The Mental Health Awareness in Football Evening, organised
by The Norfolk Women’s and Girls League, attracted over 80 players, coaches and
referees to the Nest on Tuesday 22nd January.
The evening was
focused around raising awareness of Mental Health and tackling the stigma that
surrounds the subject. Ruth Fox, Mental Health advocate and published author,
who was the inspiration behind the evening, was unable to attend as a result of
her recent struggles with her mental health but still featured prominently in
Louise Riseborough, the evening’s main organiser came to the
stage to read a chapter of Ruth’s book ‘Between the White Lines’. The chapter
detailed Ruth’s struggles with Mental Health and the effect football has had on
her life. The chapter spoke of Ruth’s aspirations of the footballing world and
how much work is still to be done by football as a whole to support players who
are struggling with their mental health, at all levels of the game. It also
covered how mental and physical health should be seen as equally as important
in a player’s life.
Ruth Fox, ‘Between the White Lines’
“Football clubs are often hubs in the community. They're a
coming together of friends, family, and even strangers - all there to watch the
beautiful game. In my opinion more needs to be done up and down the country to
use the resources we have within clubs. We should use the magnitude of people
involved in football to really push to raise awareness of mental health,
whether that be through community trusts, mental health groups, helplines for
players or conversations between managers and the players. Player welfare
should be of vital importance, from grassroots level up to the level of
international football. Football would really benefit from more emotional
support for those who need it, regardless of the level of play they are
“A player who is mentally unwell is vulnerable. They could
be unsafe, in a far more dangerous way than if they had a graze or twisted
ankle. As a manager or coach you have a duty of care. You need to be able to
deal with someone opening up to you about mental illness, suicidal thoughts,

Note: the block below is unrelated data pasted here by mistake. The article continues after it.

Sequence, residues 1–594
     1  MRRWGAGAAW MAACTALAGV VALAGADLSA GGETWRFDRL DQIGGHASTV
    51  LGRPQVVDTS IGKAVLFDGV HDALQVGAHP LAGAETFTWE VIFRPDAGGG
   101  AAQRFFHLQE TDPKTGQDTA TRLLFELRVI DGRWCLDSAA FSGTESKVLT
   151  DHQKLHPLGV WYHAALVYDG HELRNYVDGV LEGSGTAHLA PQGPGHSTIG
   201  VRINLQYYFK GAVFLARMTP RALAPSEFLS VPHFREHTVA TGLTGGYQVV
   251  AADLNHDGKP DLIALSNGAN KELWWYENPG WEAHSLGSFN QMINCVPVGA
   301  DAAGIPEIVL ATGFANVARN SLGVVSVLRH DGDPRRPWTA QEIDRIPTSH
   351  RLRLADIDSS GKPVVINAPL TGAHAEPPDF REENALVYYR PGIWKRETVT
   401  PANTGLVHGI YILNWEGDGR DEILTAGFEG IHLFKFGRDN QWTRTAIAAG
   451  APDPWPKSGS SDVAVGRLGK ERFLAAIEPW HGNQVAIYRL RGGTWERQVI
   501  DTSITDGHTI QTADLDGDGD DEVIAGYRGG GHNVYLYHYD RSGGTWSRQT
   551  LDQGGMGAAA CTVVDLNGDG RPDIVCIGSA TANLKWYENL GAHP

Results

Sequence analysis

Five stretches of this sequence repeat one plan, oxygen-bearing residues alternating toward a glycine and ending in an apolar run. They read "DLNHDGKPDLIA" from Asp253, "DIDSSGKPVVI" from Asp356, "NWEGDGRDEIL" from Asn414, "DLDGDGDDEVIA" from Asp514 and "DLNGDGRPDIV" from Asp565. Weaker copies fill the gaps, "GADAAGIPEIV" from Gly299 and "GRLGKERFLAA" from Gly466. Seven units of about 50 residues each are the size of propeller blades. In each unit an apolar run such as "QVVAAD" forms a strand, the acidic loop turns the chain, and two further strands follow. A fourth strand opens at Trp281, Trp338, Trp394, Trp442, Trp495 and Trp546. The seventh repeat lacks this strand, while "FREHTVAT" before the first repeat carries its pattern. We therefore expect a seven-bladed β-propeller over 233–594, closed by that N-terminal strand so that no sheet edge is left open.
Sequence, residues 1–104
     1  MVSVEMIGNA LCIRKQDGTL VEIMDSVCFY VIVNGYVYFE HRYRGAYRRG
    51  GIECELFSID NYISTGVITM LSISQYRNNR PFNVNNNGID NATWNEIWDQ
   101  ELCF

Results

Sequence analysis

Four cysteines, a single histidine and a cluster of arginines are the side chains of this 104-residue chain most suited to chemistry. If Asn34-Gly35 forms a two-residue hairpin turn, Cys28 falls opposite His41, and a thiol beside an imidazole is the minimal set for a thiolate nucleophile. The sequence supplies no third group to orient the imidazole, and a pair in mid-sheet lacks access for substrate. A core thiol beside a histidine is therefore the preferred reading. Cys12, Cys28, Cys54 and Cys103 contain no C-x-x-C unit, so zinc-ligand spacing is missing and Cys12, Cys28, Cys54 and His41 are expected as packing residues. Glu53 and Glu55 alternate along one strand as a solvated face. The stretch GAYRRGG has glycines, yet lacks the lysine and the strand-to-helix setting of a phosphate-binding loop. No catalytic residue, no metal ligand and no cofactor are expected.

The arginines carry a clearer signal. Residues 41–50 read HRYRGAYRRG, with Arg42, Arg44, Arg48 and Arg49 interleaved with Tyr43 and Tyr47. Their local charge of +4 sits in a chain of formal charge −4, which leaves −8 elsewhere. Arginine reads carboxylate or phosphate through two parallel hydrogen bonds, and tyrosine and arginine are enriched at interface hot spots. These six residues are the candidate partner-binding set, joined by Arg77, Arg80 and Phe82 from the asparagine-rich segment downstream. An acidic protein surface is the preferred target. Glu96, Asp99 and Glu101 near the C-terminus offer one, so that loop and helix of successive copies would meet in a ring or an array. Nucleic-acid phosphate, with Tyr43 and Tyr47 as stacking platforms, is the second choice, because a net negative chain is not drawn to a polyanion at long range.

“If a footballer has a physical injury, we give them
sympathy. We send them a card in hospital if they've broken their leg. We wish
them well in their recovery and rehab. Well, what do we do if they're in
hospital for their mental health, as I was in November? I think I had two
messages from team mates and no visits.
Mental and physical health can stand side by side. Within
this beautiful game, we can ensure that everybody has the ability to reach
their full potential and positively impact the lives of those around them.”
Toby Nickerson, the evening’s host, then welcomed special
guest, Cedric Anselin Ex-professional Footballer, to the stage were Toby
directed a question and answer session with him. Cedric spoke very openly
around his struggles with his mental health during different stages of his
life. He highlighted the importance of having the right people around him and
his advice for others dealing with mental health problems.
Louise returned to the stage to talk around the league’s
plans for supporting the mental health of all involved within their league. She
outlined exciting plans to have a designated Club Mental Health Support Officer
at each club within the league. The training for this officer to be funded by
the league and provided by Mind. She explained that the League will also have a
Mental Health Support Officer who will provide help for Club Support Officers
should they need it, via a designated support line.
The evening was rounded up by Paolo, from Norwich Mind, who
discussed various initiatives run by the charity in Norwich, as well as further
details on the course they will be providing on behalf of the league.
If you are a member of the Norfolk Women’s and Girls League
and would like to express an interest in becoming your club’s Mental Health
Support Officer, please click on the following link.